2) As I said earlier, about 70% of the world's Orthodox Christians will celebrate our Lord's Nativity on January 7. Why don't we celebrate this feast with them? The only feasts we celebrate together are Pascha, Ascension and Pentecost, no others since they are fixed dates and differ by 13 days. We are told, mainly by (liberal) Western Christians that we should celebrate Christmas with them so as not to give a divided witness to the world! News flash: we are giving a divided witness to the world. Many (by no means all), a great many of Western Christians deny, absolutely deny, the coming of our Lord in the flesh. Or they deny that Christ is God. Modern day Nestorianism, condemned at the Third Ecumenical Council of Ephesus in 431 A.D., is running rampant as is Apollinarianism, also condemned. For many Western Christians, Nativity is not about Christ as it is about themselves, about how they can better themselves and do good, while forgetting and/or denying that it was Christ's coming and God's work which allows us to be good in the first place! That is not the Orthodox way of celebrating Christmas.

And many of our hierarchs still give into this. The council called in 1923 with its canons needs to be rescinded. Why is it more important to celebrate our Lord's death and Resurrection together, when we hold to the same theological importance and not our Lord's incarnation? Why are we worried more about giving a divided witness to the world with western Christians when we are actually giving a divided witness among the Orthodox?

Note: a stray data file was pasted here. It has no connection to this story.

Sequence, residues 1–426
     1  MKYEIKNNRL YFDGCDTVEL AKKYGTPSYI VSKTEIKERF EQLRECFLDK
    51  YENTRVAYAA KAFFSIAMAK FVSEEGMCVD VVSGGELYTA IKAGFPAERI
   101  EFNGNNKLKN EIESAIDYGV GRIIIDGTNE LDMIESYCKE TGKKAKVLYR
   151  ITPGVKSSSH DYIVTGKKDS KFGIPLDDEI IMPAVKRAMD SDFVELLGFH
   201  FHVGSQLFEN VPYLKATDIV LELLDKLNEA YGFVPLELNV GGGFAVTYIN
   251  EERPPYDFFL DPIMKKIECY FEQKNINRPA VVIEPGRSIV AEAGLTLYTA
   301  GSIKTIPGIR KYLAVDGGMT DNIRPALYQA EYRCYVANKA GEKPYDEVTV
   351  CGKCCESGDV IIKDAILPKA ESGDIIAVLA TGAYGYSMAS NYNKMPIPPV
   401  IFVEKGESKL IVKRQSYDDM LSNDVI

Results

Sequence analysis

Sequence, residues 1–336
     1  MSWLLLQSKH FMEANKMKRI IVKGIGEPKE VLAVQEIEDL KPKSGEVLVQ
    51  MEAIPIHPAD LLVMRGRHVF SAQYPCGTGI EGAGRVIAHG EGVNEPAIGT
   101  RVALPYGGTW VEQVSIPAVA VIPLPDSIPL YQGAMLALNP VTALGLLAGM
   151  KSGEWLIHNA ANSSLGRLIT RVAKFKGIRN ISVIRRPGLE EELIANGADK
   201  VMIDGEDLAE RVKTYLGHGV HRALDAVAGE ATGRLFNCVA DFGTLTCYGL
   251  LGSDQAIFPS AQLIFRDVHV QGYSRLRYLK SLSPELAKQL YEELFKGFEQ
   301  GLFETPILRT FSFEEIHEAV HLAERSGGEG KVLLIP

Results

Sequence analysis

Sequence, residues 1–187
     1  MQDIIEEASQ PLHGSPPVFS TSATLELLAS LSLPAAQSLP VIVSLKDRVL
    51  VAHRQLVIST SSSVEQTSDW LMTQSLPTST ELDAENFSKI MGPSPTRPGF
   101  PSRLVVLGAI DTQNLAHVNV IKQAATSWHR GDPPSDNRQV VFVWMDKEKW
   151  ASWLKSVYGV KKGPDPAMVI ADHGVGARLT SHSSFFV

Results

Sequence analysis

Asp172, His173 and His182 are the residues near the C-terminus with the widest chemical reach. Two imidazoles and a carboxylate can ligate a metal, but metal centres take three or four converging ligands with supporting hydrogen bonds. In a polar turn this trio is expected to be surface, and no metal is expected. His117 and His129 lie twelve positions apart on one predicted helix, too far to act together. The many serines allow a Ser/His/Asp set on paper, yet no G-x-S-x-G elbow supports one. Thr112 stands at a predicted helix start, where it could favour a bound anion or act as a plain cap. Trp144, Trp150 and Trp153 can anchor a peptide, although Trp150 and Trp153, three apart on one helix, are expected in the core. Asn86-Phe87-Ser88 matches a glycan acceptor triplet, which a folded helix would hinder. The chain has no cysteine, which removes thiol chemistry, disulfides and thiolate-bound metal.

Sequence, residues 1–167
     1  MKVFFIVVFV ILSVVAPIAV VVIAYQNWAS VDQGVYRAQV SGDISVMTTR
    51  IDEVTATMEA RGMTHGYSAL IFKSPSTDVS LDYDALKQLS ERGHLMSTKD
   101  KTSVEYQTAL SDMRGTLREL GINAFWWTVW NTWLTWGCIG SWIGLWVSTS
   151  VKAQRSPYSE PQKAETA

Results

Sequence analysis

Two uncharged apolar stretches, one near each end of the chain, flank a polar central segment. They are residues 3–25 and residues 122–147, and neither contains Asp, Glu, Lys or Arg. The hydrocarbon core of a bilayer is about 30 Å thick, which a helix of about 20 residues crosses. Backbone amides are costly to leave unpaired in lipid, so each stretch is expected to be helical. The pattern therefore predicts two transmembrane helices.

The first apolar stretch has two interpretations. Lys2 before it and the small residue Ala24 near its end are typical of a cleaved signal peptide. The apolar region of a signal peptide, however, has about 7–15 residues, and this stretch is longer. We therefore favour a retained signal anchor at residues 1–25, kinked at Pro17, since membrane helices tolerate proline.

I believe that the adoption or, more accurately, the readoption of the Old (Julian) Calendar can solve more issues than leaving things as they are among the different jurisdictions. I am not calling New Calendarists heretics but we really need to honestly take a look and see if this calendar is what we should be using when there is nothing wrong with the old calendar. So what if it doesn't correspond to the civil calendar? It might be harder to get Orthodox Christmas off than Western Christmas but if we're worried more about days off than worshipping our one God in purity in truth, then nothing is going to be solved.

It's an idea, one that is unpopular, I grant especially with our hierarchs, many of whom don't want to offend the Western Christians by doing things differently. But the fact is this: We Orthodox Christians are different from western Christians.


  1. But I would hate to have yet another wedge driven between us. Note that it is difficult for Western Christians too who are determined to keep an Advent fast. But it can be done. In any case, a blessed Fore-feast to you and may the birth in the flesh of the Eternal Word fill your heart with joy and peace!

  2. Fr. William,

    I'm more concerned with Orthodox unity, which really needs to be addressed. The calendar issue does get extremely divisive and for some, it has caused schism. We really need to redress that first BEFORE we start trying to talk unity with the oriental churches (which, following an ecumenical council to clean up our mess, would be the ones to pursue since they are closest to us in doctrine and practice) and then with the western confessions. We need to attend to our own house first.